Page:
Using Lego as the building blocks of movie making

Media playback is unsupported on your device
Media captionWATCH: LJ Rich joins the singers who have become Lego pop video stars at the hands of animator Chris Salt

A brick does not move. Its very immobility is its defining characteristic.

The same is generally true of Lego. But not always - because there are times when those bricks spring into vibrant motion.

They do that when they are in the hands and before the camera lenses of the growing number of people making brick films. These are movies that use mini figures as actors and Lego bricks to build a set and dress it.

"Lego makes it a lot easier to throw things together," said veteran brick film maker Chris Salt. The sheer variety of bits and blocks means there are props for almost any film genre and all those parts are built to the same scale.

This solves one of the big obstacles that prevents people getting into stop motion animation - the huge effort required to create a set, characters and props before even a single frame of film is shot.

Image caption Many film makers like using Lego because all the bits are made to a consistent scale

Contemplating the scale of that pre-production task stopped Chris from trying it himself - despite being a big fan of animation.

But serendipity revealed how to overcome that obstacle.

"One day at work someone brought a digital camera in that had some stop motion software on it and they were playing around with desktop toys and things.

"That caught my imagination and I just happened to have a box of old Lego from my parents' house lying around," he said.

This was back in 2001 when there was no YouTube but there were some web-based communities centred around stop-motion film making.

"I picked up the basics from them and just played around," said Chris. His first brick films were of Lego mini figures performing a Mexican wave or doing a little dance.

He has moved on to produce music videos for bands, has worked with broadcaster Adam Buxton on a couple of movies and produced many original works of his own.

While the films have got much longer, more sophisticated and professional looking since the early days, Chris still uses the same camera - a Logitech webcam.

"It's cheap and it's designed to feed straight to a computer so you do not need to fiddle around with cables or anything like that," he said. His only extravagance nowadays has been video editing software to help with post-production work.

Film focus

Image caption Harry Bossert's brick film about a man with a megaphone helped get him to Hollywood.

Brick film maker Harry Bossert has also stuck with the kit that he used to produce his first movies.

Harry started with Lego films when he was 12. His moment of serendipity came when he was browsing YouTube and came across some early brick films.

"I was just struck by them," he said. "I thought it was really cool and watched some more and decided I wanted to do this."

With the help of his dad and the family camcorder he set up a small shooting stage on a table and got going.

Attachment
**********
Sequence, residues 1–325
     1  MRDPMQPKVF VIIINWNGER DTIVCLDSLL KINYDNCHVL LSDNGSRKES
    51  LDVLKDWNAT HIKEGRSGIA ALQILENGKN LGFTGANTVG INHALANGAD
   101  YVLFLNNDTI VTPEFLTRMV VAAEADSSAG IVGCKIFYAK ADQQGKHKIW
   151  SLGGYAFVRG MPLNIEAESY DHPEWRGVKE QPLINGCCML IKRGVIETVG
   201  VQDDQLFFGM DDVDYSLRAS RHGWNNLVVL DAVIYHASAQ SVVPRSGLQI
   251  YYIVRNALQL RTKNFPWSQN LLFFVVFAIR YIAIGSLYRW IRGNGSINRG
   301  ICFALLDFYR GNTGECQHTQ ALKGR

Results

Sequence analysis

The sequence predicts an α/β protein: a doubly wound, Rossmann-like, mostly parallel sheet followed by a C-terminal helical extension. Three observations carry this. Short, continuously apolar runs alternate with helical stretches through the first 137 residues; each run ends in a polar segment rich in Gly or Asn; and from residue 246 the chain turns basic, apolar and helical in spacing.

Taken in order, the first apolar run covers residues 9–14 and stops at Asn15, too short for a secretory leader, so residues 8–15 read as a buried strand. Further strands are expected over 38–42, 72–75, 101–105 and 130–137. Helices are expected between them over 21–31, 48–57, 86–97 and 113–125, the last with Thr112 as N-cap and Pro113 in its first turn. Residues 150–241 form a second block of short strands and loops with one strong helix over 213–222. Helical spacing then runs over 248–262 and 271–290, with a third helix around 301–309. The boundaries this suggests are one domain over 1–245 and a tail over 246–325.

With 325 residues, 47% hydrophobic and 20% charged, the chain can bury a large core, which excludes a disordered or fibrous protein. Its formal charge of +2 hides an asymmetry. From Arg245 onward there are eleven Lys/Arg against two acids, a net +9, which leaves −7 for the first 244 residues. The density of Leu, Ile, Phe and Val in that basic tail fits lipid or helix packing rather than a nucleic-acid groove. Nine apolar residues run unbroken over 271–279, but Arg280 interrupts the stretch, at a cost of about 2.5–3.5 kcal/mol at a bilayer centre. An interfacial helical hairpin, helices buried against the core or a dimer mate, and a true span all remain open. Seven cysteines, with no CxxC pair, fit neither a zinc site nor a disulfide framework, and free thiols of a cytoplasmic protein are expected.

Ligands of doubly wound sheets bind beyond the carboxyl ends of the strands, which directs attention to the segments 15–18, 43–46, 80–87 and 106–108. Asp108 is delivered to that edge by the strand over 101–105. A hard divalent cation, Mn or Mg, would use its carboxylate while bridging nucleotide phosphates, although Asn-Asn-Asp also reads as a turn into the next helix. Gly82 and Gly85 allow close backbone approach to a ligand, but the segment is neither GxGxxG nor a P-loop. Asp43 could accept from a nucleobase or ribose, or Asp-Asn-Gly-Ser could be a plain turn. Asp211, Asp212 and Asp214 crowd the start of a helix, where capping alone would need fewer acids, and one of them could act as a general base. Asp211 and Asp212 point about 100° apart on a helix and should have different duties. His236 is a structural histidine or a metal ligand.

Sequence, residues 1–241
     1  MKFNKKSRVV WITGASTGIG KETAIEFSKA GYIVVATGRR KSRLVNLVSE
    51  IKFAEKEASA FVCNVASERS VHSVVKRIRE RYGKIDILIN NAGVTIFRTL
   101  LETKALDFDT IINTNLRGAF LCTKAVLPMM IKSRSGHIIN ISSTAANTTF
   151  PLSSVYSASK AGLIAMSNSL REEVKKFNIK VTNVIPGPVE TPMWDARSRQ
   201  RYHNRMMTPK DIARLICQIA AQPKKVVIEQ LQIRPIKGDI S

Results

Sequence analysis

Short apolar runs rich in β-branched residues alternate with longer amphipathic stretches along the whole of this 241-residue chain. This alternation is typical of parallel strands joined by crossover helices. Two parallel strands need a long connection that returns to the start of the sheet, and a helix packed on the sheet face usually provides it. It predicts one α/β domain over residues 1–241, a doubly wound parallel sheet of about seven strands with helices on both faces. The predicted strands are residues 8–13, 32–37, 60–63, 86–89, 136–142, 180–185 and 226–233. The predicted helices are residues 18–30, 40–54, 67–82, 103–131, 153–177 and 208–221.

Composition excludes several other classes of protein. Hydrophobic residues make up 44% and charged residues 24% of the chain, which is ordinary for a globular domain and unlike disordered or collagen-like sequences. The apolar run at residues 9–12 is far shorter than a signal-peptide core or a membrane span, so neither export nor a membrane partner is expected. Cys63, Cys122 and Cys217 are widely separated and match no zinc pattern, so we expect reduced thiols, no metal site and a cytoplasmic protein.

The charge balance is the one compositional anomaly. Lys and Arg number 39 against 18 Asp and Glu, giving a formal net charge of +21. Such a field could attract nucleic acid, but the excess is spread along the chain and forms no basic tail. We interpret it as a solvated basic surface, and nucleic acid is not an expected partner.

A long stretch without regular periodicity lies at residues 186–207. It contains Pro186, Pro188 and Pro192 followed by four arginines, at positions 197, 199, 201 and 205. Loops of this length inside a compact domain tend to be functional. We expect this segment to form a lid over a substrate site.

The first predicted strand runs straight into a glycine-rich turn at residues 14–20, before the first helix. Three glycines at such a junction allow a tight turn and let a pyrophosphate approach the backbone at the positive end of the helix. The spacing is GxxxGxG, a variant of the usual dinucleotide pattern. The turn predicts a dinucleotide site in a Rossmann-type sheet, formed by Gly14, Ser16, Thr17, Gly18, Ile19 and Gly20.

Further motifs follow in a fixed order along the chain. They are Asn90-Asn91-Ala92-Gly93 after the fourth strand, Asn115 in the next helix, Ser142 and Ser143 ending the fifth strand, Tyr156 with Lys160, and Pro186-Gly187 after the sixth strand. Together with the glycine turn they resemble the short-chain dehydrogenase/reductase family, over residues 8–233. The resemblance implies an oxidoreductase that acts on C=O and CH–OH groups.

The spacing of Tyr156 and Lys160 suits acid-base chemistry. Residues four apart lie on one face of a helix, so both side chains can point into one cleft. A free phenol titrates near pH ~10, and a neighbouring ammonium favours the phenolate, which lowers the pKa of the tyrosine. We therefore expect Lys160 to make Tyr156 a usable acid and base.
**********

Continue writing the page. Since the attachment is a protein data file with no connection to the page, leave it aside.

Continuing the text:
"It ran at five frames per second and was very jerky and you could see most of my room in the background," he said. Despite the crudeness of that first effort the bug bit deep and he made one brick film a day for the next four days.

His initial audience was just friends, but their enthusiasm encouraged him to keep going and soon he started using YouTube to show off his creations.

Harry is also gaining wide recognition for his films. He produced one movie to illustrate the Megaphone song of former Nerf Herder frontman Parry Gripp. The track is about a security guard at the Santa Barbara International Film Festival using his megaphone to aggressively control a queue of frustrated movie goers.

He sent a tweet to Mr Gripp telling him about the video. The star liked it a lot and the end result was that Harry travelled to the US where his film about the Santa Barbara International Film Festival was shown at the Santa Barbara International Film Festival.

Image caption Making brick movies need not be expensive. Chris Salt uses an old Logitech webcam

"I thought that the most I would get was him commenting on the video," he said.

Like Chris Salt, Harry likes the fact that Lego figures and bricks are all made to the same scale. But, as with all brick film makers, the hard part is finding the time it takes to make a film when it takes 15 frames just to create one second of movie time.

"At my age I have got school and things and it's not really something you can fit in after school," he said. "I'm the one man production team. I write the scripts, do the story board, shoot the movie and edit it."

That sums up the joy and frustration of brick film making for both Harry Bossert and Chris Salt. It is all about you and what you make of it.

Said Chris: "It can take as much or as little time as you want. All you need is a base plate, a figure and a camera to point at it."

More on this story

Related Internet links

The BBC is not responsible for the content of external Internet sites